Jeff Hardin: “A Word That Means Standing Between Each Moment”

 

 

A WORD THAT MEANS STANDING BETWEEN EACH MOMENT

I dreamed I was speaking every language,
no one a stranger, and then I woke to find
the same few words I assemble my life around.

Overnight a dusting of snow has settled into leaves,
into crooks of oaks in the side yard. It takes years 
sometimes to know what sifts down into my thoughts.

Having lived this long has granted me few answers.
I’ve been given only new questions and less
confidence in anything but my own inadequacy.

If only it were possible to pause between each
moment and weigh the implications of what 
came before against what is now coming to be.

I laugh to think of how I once labored to memorize
a poem, to embody its words and carry them forth
into the world. Now I remember only one word: float.

 

About the Author: Jeff Hardin is the author of six collections of poetry: Fall Sanctuary (Nicholas Roerich Prize); Notes for a Praise Book (Jacar Press Book Award); Restoring the Narrative (Donald Justice Prize); Small RevolutionNo Other Kind of World (X. J. Kennedy Prize), and A Clearing Space in the Middle of BeingThe New Republic, The Hudson Review, The Southern Review, Southwest Review, North American Review, The Gettysburg Review, Poetry Northwest, Hotel Amerika, and Southern Poetry Review have published his poems. He teaches at Columbia State Community College in Columbia, TN.

 

More By Jeff Hardin:

A Namelessness of Starlings

 

Image Credit: Unknown Maker “Niagara” 1860s – 1880s Digital image courtesy of the Getty’s Open Content Program.

Jeff Hardin: “A Namelessness of Starlings”

 

 

A NAMELESSNESS OF STARLINGS

Down hollows I go walking, nine years old,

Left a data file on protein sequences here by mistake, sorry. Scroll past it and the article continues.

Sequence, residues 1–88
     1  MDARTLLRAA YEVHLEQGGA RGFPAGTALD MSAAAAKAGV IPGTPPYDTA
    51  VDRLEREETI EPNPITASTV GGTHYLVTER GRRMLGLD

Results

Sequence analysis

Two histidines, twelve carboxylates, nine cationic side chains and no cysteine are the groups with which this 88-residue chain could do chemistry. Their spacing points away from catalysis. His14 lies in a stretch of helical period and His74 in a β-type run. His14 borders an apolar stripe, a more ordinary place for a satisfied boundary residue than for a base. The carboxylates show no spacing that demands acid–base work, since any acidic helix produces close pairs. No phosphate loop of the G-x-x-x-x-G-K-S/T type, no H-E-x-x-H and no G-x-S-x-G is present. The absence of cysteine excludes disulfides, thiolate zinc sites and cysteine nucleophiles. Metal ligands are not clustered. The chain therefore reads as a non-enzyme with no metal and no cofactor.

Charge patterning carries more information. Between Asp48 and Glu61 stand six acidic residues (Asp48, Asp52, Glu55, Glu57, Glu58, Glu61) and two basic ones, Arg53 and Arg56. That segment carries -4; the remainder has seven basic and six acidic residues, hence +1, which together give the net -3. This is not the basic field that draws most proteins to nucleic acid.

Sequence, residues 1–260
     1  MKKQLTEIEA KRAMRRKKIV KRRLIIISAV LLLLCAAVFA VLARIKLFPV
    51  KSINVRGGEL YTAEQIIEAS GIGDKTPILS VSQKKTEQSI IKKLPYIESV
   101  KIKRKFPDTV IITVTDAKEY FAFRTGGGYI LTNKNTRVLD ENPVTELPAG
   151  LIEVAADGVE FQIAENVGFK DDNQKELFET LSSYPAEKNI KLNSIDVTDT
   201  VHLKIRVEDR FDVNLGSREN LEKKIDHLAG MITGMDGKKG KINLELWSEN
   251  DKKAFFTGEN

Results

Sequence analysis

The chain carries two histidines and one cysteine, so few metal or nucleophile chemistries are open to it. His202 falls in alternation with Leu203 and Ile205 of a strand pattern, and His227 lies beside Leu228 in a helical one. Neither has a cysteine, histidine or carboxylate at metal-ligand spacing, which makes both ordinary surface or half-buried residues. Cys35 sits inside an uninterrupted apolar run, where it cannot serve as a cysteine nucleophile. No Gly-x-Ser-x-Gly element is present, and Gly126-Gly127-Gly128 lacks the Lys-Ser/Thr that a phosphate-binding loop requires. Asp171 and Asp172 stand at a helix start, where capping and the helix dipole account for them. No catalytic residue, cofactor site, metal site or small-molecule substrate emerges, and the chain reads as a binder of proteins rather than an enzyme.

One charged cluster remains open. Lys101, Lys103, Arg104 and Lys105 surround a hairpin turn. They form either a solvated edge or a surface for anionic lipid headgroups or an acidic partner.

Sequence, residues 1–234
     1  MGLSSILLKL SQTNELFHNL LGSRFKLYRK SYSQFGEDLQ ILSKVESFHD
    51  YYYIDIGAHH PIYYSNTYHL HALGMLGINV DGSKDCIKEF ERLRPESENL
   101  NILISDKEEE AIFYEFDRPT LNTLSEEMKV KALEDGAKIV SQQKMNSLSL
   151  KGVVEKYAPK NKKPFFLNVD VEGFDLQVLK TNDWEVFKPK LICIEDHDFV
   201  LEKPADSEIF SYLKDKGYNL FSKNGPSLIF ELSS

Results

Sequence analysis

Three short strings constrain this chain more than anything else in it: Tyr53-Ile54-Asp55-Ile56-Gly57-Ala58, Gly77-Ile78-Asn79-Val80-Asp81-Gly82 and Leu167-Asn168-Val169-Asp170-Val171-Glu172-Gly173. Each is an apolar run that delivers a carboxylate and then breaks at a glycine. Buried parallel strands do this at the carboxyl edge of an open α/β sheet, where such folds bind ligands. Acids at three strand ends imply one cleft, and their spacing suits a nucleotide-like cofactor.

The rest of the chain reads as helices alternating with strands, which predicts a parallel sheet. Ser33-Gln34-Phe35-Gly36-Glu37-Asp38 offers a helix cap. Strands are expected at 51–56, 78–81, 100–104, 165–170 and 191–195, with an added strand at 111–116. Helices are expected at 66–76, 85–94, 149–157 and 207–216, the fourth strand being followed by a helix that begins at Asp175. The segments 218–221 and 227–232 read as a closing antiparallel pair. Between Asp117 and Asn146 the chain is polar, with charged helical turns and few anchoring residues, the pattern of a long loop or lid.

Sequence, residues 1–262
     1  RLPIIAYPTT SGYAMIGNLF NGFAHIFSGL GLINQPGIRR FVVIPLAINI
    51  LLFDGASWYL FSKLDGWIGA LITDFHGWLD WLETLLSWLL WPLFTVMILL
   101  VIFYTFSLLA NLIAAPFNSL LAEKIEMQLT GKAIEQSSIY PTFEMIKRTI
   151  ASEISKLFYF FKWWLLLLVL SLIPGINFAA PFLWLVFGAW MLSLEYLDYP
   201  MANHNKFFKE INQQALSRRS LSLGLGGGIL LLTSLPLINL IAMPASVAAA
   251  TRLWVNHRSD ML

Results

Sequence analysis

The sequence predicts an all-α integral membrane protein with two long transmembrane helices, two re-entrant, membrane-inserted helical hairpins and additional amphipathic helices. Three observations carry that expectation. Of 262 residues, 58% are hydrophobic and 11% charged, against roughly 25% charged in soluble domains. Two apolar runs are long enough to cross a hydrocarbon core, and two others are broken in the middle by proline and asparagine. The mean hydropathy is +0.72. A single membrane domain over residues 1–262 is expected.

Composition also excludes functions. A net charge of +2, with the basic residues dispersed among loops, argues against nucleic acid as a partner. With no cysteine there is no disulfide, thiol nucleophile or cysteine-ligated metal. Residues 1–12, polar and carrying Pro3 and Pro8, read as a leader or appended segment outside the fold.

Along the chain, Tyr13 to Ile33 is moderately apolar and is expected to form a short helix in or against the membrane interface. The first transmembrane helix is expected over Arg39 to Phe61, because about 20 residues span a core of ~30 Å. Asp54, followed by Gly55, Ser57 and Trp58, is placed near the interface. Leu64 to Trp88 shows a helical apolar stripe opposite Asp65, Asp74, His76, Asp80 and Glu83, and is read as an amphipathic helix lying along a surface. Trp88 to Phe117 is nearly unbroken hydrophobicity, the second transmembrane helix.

as nameless as starlings on far-away fence posts.
To what larger world do I feel myself drawn?

I thirst after ripples dying out on an inland pond.
I dream a circumference of wandering along
until an answer blooms forth from the call of an owl.

Maybe already I have disappeared, a creek stone
no morning light falls upon. Sycamore leaves
drift and touch down and slide the sky along.

Syllables, too, can lengthen how we listen 
to an afternoon of wind through sage grass
leaning toward so many moments still unknown.

A sapling rises through the dawn come down
to find another fallen cedar, its privacy just one 
more face I’m happy to have mistaken for my own.

 

About the Author: Jeff Hardin is the author of six collections of poetry: Fall Sanctuary (Nicholas Roerich Prize); Notes for a Praise Book (Jacar Press Book Award); Restoring the Narrative (Donald Justice Prize); Small RevolutionNo Other Kind of World (X. J. Kennedy Prize), and A Clearing Space in the Middle of BeingThe New Republic, The Hudson Review, The Southern Review, Southwest Review, North American Review, The Gettysburg Review, Poetry Northwest, Hotel Amerika, and Southern Poetry Review have published his poems. He teaches at Columbia State Community College in Columbia, TN.

 

Image Credit: James W. Rosenthal “Close up view across stream to fallen tree – Middle Bridge American Sycamore, Near former site of the historic middle bridge, U.S. Route 34, Sharpsburg, Washington County, MD” (2006) The Library of Congress